NOTES AND QUERIES. [9 th s. ix. FEB. 22, 1902.
its size, which was only one foot high and one foot and a half long. I think it may now be taken for granted that no portrait of Brandon exists beyond those on the headings to the papers referred to by ME. STEPHENS. PHILIP SIDNEY.
"BAR SINISTER "(9 th S. ix. 64). The Daily Chronicle errs in good company. Lord Rose- bery, speaking of the " unreliability of Las Cases" in his 'Napoleon,' pp. 20, 21, says :
" We think we have said enough to show that these various fabrications lie like a bar sinister athwart the veracity of his massive volumes, and make it impossible to accept any of his statements, when he has any object in making them."
His lordship may have thought that the literary poise of this passage would suffer if, with pedantic accuracy, he had used the correct term, " baton sinister."
A more important error in the Daily Chronicle article is the statement that James II. " contributed a good many bars sinister to the arms of the members of the House of Lords." James II. created his mistress Catherine Sedley Countess of Dorchester in January, 1685/6, but she died childless in 1692, and the honour died with her. He also created his illegitimate son James Fitz-James Duke of Berwick in 1687, but the duke was attainted in 1695, and his English honours became forfeited. Xo descendant of James II. sits, or has sat for over two hundred years, in the House of Lords. W. F. PRIDE AUX.
"BORE" OR " BOAR," AND OTHER FASHION-
ABLE SLANG (9 th S. viii. 481). The word is said to have originated in the eighteenth century with the Macaroni Club, whose members used the word boar, not bore, of any one opposed to dandyism or macaroni manners (see Cassell's Magazine, 'London Legends'). J. H. MAcMiCHAEL.
11. B.'s interesting quotation would have been doubly valuable if he had given the
date at which it was written, and the page ' Q. V.
, ot the ' Life ' on which it occurs.
CROLLY FAMILY (9 th S. viii. 484). Stanis- M U f " Leszczynski, King of Poland and LJuke ot Lorrain, was the son of Frederick Augustus L, Elector of Saxony and King of Poland, and Christina Eberhardine, daughter ot Christian Ernest, Margrave of Bayreuth and Erdmuth Sophia, daughter of John Ueorge II., Elector of Saxony, his wife. Born November, 1677, and married Catherine of Almskaia, daughter of Henry Opalinski, Castellan of Posen. Succeeded to the throne 12 July, 1704; deposed 2 Oct., 1709; re-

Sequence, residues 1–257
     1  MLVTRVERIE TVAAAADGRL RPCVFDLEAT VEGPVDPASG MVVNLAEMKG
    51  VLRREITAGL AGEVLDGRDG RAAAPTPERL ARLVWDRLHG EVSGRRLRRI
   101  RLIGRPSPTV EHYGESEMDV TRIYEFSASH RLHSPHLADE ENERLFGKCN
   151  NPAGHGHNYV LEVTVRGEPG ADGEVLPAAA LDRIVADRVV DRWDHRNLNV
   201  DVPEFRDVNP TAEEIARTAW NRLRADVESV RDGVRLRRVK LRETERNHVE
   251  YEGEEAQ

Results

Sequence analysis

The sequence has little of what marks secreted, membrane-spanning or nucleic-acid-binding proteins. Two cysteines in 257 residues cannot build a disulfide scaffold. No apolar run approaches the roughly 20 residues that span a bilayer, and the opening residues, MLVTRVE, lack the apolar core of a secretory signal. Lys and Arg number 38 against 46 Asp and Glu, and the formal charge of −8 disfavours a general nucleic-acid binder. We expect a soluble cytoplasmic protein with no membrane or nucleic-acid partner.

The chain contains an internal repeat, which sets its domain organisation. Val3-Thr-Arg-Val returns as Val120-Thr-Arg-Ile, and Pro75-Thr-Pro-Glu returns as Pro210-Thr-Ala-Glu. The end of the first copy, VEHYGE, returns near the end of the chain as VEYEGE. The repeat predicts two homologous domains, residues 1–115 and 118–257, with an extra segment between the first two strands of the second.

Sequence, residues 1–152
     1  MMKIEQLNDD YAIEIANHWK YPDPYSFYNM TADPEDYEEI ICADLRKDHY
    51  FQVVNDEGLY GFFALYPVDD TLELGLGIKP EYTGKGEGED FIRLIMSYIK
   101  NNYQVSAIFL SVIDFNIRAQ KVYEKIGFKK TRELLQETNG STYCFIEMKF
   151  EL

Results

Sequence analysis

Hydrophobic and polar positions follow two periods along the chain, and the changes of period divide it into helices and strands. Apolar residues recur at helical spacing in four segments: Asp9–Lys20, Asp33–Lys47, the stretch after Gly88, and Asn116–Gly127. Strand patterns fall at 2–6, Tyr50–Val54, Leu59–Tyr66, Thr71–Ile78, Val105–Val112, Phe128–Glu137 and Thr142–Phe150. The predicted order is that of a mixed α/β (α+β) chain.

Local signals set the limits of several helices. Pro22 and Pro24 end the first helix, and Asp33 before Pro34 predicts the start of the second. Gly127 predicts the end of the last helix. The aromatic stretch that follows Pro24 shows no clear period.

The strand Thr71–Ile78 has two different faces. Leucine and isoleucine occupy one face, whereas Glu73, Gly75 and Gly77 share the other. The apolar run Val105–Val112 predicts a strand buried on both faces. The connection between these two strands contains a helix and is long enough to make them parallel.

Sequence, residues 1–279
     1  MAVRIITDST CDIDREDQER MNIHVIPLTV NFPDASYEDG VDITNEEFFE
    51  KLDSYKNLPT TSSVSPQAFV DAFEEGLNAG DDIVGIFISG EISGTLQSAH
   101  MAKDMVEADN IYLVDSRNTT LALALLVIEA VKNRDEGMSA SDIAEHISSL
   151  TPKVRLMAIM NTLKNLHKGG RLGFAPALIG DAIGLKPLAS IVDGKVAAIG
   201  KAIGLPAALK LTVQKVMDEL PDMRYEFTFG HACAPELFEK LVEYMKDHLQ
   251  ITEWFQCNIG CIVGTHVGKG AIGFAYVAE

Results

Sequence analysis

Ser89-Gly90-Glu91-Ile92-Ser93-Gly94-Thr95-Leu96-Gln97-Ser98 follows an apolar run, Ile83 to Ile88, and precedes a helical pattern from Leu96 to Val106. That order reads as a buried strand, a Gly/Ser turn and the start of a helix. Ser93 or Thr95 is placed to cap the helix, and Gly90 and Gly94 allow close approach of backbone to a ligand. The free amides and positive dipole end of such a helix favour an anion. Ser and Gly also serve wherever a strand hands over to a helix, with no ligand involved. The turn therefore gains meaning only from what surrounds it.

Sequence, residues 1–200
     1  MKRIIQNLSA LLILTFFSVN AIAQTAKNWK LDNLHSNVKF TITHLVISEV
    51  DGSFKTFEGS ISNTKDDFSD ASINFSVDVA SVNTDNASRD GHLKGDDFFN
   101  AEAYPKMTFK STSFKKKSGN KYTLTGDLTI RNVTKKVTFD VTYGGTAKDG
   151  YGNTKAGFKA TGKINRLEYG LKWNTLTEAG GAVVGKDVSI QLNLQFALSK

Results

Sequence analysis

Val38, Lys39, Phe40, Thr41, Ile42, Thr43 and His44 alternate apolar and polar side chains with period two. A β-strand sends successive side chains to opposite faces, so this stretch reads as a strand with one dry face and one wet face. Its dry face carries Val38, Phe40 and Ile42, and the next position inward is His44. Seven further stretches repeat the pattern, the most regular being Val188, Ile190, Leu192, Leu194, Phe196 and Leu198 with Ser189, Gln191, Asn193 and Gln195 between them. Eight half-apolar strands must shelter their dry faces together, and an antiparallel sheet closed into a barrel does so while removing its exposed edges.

turned 12 Sept., 1725 ; redeposed June, 1736, and 21 March, 1737. Died 23 Feb., 1736 [?]. Lady Anne, the eldest daughter of Lewis, the third Marquis of Huntly, married the Comte de Crolly, of whom I can find no in- formation ; probably he was connected with one of the Irish families of Crolly. A Captaine Aide Major Croly [sic] was in the Regiment de Rothe in 1746-52, that being one of the Irish brigades in the service of France. There is a pedigree of the Crolly family in O'Hart's 'Irish Pedigrees,' but it will not help MR. BULLOCH. JOHN RADCLIFFE.
CHARLES V. ON THE DIFFERENT EUROPEAN TONGUES (9 th S. viii. 523). In Ravizzotti's 'Italian Grammar,' fifth edition, Lond., n.d. (dedicated to Lord Palmerston), on p. 402, and towards the close of a section headed ' Costumi delle Nazioni,' 1 find the following : Diceva Carlo-Quinto che parlerebbe In lingua Francese ad un amico, ,, Tedesco al suo cavallo, ,, Italiano alia sua signora, ,, Spagnuolo a Dio, ,, Inglese agli uccelli.
Here the first four parts correspond very nearly to MR. NORTH'S quotations, but the last is different. He says, "I fancy he de- scribed English as the language of birds," but the Italian given above evidently means that birds should be spoken to in English.
Brewer's 'Dictionary of Phrase and Fable,' ed. 1895, p. 728, has : "L'ltalien se parle aux dames ; le Frangais aux hommes ; 1'Anglais aux oiseaux ; 1'Allemand aux chevaux ; 1'Espagnol a Dieu " (misprinted " Dieux," see his 'Reader's Handbook,' 1898, p. 591). This is followed by a note : " Charles Quint used to say, ' 1 speak German to my horses, Spanish to my God, French to rny friends, and Italian to my mistresses.' "
Preceding this is another note which may serve to explain "English to birds": "Eng- lish, according to the French notion, is
Apropos, of this one naturally recalls another well-known saying of this emperor, or at least generally attributed to him : " For every new language one acquires, one becomes a new man." But, if really uttered by him, was it original? Vambery, in his 'Travels in Central Asia,' 1864, p. 219, quotes, as a Latin proverb, "Quot linguas cales, tot homines vales," where "cales" seems to be either a misprint for "calles," or to be so spelt for the sake of the rhyme.
In Donaldson's 'New Cratylus,' 1839, p. 10, we read :
" It was a great mistake of Ennius to say that he had three hearts because he understood three Ian-